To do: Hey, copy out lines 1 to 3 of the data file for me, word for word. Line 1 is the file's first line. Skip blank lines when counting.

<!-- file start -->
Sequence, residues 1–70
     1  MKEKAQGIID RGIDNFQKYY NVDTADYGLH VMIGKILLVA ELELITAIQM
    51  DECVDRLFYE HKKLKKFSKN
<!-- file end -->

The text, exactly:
Sequence, residues 1–70
     1  MKEKAQGIID RGIDNFQKYY NVDTADYGLH VMIGKILLVA ELELITAIQM
    51  DECVDRLFYE HKKLKKFSKN